How Organic Farming Became an Alternative to Poaching!


Chirwa used to illegally poach elephants and other animals in Zambia as a way to make a living. However, he stopped this to become an organic farmer from which he has gained economic sustainability while conserving nature.

He was approached by Community Markets for Conservation (COMACO), a social enterprise that trains and supports farmers in the Eastern Province of Zambia, on sustainable agricultural practices.

With a high number of elephants and other game dying from illegal poaching, COMACO decided to train the once poachers to farm organically, while providing market for their produce.

In this way, they now earn a more reliable and sutainable source of income from organic farming. This secures farmers’ livelihoods and ensures food security, while protecting wildlife and the ecosystem.

Chirwa sharing his story at his farm in Lundazi District, Eastern Province © COMACO

This is achieved by offering farming skills to the thousands of small-scale farmers who live and depend on the land and natural resources in this area. In this way farmers begin to practice climate-resilient farming methods that promote biodiversity and decrease the use of destructive practices like poaching, pesticide use and deforestation.

The work has paid off!  COMACO has increased the number of farmers they work with to over 180,000 and the number of elephants in the Luangwa valley has also increased.

Former poachers are given alternatives like organic maize farming as a more sustainable source of income generation © Cynthia Mwandwe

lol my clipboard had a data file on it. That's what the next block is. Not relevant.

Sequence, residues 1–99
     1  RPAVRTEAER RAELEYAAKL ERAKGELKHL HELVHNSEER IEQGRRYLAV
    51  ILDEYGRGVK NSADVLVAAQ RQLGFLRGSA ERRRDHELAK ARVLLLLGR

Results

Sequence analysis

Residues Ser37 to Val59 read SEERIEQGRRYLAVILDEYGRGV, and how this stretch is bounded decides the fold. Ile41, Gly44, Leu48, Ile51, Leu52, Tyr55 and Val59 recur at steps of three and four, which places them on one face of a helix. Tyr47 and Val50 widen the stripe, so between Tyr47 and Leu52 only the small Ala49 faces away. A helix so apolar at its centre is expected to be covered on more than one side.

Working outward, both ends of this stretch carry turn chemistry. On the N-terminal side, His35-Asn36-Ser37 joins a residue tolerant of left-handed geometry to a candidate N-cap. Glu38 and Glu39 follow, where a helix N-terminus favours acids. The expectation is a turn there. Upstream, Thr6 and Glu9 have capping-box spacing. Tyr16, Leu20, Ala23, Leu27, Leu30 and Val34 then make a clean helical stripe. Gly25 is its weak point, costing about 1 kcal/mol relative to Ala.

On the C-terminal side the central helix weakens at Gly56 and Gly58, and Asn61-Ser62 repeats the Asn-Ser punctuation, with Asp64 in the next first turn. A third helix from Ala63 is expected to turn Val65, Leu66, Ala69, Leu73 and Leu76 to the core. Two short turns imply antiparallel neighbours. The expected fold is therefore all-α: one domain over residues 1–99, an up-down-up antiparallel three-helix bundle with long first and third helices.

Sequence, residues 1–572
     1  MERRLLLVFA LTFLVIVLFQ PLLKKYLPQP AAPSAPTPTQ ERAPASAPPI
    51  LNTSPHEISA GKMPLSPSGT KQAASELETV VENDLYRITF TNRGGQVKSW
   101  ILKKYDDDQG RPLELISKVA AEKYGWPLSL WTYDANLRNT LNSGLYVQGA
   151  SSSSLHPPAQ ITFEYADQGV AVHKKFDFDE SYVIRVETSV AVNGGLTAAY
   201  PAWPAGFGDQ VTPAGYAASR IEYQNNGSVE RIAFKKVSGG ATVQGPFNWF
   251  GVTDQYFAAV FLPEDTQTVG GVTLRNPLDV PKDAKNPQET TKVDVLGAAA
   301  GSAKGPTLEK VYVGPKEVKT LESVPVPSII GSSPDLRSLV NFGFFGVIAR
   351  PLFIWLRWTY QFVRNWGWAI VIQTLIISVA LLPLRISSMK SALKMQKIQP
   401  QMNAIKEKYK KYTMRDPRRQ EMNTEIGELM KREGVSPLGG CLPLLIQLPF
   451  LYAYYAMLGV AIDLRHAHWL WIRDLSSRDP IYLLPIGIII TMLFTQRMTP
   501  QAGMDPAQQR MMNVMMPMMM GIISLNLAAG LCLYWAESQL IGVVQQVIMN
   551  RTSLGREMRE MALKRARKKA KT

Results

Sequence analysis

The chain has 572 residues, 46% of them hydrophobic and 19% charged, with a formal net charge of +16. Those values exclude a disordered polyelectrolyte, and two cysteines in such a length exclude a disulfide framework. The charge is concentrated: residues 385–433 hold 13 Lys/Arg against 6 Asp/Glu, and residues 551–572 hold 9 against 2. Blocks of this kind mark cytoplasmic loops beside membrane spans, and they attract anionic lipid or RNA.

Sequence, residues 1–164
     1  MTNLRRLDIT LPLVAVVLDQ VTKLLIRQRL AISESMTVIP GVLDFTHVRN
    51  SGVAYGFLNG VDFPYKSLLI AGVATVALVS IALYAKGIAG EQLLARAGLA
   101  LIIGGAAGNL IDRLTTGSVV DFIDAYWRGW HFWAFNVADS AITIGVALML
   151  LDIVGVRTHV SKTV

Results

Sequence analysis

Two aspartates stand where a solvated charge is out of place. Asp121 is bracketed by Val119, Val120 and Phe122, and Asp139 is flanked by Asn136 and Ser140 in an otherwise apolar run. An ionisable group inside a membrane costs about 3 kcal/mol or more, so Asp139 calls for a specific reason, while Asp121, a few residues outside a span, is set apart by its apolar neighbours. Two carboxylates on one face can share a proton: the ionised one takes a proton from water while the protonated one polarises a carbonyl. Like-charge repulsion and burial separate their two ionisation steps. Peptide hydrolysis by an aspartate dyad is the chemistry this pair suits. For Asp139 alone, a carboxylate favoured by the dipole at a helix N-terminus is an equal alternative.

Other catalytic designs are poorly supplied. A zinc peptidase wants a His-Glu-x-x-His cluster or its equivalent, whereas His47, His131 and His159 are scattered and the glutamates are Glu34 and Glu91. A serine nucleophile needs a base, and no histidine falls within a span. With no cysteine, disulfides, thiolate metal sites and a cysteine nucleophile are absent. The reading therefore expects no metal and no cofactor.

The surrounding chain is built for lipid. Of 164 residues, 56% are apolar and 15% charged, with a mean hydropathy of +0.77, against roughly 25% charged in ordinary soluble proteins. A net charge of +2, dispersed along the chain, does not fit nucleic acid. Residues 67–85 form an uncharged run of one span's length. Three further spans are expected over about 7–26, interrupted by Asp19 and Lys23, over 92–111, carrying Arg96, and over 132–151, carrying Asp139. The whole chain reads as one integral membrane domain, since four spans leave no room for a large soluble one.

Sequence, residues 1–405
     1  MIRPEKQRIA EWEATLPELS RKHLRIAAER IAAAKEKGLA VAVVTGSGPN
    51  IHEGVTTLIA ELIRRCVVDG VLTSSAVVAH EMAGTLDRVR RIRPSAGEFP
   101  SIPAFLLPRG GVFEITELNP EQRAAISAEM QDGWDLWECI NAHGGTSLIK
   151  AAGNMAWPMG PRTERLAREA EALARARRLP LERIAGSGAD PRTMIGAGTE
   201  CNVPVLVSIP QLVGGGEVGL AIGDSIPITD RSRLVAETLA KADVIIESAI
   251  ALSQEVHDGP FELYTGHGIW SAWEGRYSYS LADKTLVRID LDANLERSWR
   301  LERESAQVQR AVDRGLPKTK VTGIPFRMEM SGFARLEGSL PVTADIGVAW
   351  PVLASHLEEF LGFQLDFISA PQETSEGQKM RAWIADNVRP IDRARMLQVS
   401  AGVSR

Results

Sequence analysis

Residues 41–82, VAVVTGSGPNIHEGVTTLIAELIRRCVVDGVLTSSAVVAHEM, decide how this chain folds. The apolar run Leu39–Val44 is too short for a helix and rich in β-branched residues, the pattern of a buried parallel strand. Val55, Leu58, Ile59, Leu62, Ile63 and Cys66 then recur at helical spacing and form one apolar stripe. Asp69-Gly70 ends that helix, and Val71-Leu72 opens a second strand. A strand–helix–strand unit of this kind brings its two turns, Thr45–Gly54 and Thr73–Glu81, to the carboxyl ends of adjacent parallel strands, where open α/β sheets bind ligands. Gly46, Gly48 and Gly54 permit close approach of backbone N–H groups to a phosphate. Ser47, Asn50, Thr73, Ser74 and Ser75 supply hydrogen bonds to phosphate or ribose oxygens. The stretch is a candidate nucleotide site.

From destroying to conserving

“I turned to poaching to be able to put food on the table for my family. With support and training from COMACO, I stopped poaching and now am a bee farmer who can more than provide for myself and my family while protecting nature”, shared Chirwa, a bee farmer.

There are many similar stories to that of Chirwa where illegal poachers, timber loggers and charcoal burners, who once were exhausting the natural resources, have now become restorers through organic farming.

Given that sustainable farmers in the community are the custodians of the environment, wildlife and biodiversity, conservation is next to impossible without their direct involvement. This is why COMACO partners with farmer cooperatives in the different chiefdoms all over Eastern Zambia.[1]

The cooperatives not only support but also monitor their farmers. This includes visiting each other’s farms © COMACO

These cooperatives are made up of farmers and producer groups who are trained on various sustainable organic practices, for example, apiculture, compost making, minimum tillage, agroforestry, among others.

When Illegal poachers are discovered, they are reported to the cooperatives who then get in touch with them. Understanding that most of the poachers do it to secure their livelihood and financial security, farmers in the cooperatives offer them alternative livelihood methods for instance, organic farming, afforestation, and beekeeping.